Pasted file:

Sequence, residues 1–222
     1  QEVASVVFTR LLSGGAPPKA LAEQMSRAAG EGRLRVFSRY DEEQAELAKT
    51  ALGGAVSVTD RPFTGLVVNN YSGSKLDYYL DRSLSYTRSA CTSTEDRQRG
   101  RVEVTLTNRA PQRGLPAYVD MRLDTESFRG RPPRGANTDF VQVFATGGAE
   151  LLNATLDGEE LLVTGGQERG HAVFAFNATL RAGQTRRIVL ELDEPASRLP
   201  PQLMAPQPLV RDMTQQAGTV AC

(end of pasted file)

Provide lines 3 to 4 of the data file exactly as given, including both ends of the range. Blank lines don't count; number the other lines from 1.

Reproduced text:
    51  ALGGAVSVTD RPFTGLVVNN YSGSKLDYYL DRSLSYTRSA CTSTEDRQRG
   101  RVEVTLTNRA PQRGLPAYVD MRLDTESFRG RPPRGANTDF VQVFATGGAE